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Sports and Mental Health: Can Exercise Cure Depression?

It is now a consolidated concept that the practice of physical exercise brings with it numerous benefits. But what if these adaptations concerned not only the general physical aspect but also the psychic one? Let’s see together what science says about it

Andrea Bulgheroni – Noritura

November 30th

People who play sports are often told that exercising helps make them feel better, which releases the day’s stress, anger, worries, many even say they just can’t do without it. Are we just talking about fanatics or is there some truth to it? Leafing through the most recent scientific research, it would seem that there really is a positive effect on mental well-being deriving from sporting practice, which could be used in a preventive key or even as an adjuvant “drug” in the fight against debilitating and too often silent pathologies such as depression and anxiety.

Sport and mental health: scientific evidence

According to the most recent literature physical exercise would represent a first-line therapy in the treatment of mild-moderate forms, would help prevent and even directly improve the symptoms of depression in a way comparable to psychotherapeutic interventions, would be compatible with the use, and indeed would improve the tolerance and effectiveness, of the most common antidepressant drugs. There thoughtful practice of exercise would then find a prominent place alongside the other most used therapies and would be recommended and prescribed to improve the symptoms and prognosis of these patients.

What are the recommendations for choosing physical activity

To date, according to WHO recommendations, the greatest evidence concerns moderate aerobic activity performed at least three times a week, accompanied by two exercise sessions aimed at strengthening the muscles of the body. It is highlighted that even modest levels of activity, which do not reach the previous recommendations, but practiced regularly, can already bring benefits in the management of psychological distress. Going beyond the numerical and prescriptive aspect, outdoor activities are encouraged, in contact with nature (but always in safety!), and practiced in company. The social aspect of sporting practice has an importance that should not be overlooked in the rehabilitation of mental problems that tend to make subjects fall into self-isolation, and the importance of the context is fundamental.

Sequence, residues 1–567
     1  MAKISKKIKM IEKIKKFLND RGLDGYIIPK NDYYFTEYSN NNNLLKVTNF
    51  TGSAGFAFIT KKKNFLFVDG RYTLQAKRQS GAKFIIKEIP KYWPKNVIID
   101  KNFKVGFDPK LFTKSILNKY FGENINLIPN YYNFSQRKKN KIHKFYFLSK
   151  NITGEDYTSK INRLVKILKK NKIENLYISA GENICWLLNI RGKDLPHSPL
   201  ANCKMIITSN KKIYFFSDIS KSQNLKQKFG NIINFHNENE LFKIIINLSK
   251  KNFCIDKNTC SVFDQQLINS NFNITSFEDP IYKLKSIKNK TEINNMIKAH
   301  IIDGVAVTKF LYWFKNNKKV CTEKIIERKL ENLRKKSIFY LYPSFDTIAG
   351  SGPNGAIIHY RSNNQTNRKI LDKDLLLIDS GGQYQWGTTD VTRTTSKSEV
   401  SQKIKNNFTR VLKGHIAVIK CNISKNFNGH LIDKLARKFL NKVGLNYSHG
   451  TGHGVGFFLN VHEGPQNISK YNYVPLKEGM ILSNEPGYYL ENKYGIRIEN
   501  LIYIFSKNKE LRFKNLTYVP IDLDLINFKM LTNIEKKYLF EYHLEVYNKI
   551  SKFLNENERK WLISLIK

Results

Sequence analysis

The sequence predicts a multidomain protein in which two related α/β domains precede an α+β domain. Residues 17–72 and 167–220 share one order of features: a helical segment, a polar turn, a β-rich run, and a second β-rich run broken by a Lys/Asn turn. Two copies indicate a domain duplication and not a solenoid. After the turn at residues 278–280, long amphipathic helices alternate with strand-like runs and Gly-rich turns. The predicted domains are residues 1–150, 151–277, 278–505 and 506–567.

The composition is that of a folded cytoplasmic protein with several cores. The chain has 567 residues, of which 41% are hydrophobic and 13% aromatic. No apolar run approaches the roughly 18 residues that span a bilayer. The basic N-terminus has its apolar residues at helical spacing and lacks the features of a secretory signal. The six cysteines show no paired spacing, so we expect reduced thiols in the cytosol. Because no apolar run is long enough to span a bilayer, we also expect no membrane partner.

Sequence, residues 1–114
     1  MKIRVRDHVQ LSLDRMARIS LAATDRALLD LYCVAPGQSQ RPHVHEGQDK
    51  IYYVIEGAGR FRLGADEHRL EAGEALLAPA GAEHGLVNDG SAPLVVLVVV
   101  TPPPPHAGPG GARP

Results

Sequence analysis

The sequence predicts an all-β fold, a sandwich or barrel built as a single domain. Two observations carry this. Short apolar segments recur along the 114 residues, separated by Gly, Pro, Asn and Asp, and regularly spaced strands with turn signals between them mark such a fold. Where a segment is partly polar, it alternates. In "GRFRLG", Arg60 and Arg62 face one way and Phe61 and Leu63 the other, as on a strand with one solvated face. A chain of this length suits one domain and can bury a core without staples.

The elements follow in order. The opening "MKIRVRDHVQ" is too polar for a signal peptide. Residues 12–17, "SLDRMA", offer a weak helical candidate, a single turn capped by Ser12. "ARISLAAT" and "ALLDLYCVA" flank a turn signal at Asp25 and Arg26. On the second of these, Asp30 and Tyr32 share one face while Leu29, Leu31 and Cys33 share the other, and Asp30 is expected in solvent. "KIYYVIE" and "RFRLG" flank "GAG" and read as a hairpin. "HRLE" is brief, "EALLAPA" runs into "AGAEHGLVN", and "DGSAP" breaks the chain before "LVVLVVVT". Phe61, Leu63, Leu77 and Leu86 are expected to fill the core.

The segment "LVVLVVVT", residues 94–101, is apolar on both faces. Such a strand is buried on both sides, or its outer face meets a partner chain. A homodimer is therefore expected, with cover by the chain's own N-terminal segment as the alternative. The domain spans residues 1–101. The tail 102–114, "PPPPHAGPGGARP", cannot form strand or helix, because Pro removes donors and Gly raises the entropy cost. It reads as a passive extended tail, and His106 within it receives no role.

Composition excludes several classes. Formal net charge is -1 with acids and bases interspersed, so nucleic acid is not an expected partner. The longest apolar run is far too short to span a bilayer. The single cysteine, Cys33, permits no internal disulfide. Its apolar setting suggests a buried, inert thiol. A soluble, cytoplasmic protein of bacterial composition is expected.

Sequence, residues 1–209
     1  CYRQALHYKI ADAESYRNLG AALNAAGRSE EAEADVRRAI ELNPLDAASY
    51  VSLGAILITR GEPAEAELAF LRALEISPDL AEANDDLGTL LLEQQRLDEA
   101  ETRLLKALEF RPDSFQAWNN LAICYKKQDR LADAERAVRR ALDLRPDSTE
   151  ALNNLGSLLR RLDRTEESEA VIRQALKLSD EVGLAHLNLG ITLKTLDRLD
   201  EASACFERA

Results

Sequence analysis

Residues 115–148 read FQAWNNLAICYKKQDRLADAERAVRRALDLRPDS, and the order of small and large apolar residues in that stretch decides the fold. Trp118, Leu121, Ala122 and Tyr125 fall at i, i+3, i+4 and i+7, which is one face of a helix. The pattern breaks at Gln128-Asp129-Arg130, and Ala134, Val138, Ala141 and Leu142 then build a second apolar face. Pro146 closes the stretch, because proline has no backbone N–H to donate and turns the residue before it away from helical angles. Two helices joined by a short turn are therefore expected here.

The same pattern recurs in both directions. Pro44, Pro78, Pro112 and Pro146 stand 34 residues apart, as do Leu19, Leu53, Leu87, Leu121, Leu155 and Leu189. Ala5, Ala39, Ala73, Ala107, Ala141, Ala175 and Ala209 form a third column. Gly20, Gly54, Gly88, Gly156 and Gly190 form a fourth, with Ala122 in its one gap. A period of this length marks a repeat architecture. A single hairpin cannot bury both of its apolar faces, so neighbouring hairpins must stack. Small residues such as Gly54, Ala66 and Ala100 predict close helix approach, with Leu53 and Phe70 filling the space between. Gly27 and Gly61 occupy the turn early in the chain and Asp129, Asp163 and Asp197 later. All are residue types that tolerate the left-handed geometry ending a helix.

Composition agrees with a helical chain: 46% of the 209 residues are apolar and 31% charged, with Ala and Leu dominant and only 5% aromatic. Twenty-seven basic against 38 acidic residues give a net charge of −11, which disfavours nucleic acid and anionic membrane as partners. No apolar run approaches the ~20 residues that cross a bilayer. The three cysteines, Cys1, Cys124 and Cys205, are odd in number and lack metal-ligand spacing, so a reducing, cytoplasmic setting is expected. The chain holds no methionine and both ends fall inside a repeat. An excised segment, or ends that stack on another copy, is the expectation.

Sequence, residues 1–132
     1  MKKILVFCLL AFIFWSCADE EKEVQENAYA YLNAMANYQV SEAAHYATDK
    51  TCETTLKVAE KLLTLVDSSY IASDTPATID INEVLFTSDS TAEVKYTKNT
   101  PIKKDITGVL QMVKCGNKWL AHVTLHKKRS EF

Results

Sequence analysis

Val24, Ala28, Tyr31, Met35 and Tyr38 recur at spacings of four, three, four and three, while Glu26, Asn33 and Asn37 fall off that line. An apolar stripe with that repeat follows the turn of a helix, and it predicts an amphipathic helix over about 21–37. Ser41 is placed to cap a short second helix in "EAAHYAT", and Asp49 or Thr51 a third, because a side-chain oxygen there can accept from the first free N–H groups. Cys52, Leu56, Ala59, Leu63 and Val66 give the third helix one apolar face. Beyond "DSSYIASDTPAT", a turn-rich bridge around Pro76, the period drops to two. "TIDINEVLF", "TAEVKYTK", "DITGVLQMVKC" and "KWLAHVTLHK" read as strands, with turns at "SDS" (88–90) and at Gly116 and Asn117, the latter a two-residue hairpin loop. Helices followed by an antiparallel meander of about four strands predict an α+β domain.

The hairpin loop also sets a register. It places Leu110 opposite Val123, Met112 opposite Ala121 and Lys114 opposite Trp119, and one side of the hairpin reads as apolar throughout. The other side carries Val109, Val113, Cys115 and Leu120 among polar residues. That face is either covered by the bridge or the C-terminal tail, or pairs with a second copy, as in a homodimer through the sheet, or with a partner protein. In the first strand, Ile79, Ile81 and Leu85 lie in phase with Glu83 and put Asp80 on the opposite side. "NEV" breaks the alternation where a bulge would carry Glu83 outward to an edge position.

The explanation of the mechanisms

How is it possible that the simple choice of move more can it bring with it such a wide range of positive effects? It seems that physical exercise acts at different levels in our body, both organically and socially. First, moving triggers the secretion in our brain of molecules that are involved in the development of the feeling of well-being, favoring the elevation of mood and simultaneously reducing the secretion of molecules related to stress. Training would also lead to greater self-awareness and self-acceptanceto an improvement in the perceived form of ourselves and consequently in self-esteem and security towards the surrounding environment.

a panacea against isolation

The consequence is that, feeling stronger and fitter, one feels safer to move in the environmental and social context, limiting self-isolation and pushing subjects more to seek help from the outside (hence the importance of collaboration with figures such as psychologist, psychiatrist and psychotherapist). The synergistic and harmonious use of all these elements and the collaboration between the specialists who take care of the person is always to be encouraged and allows the achievement of optimal therapeutic objectives.



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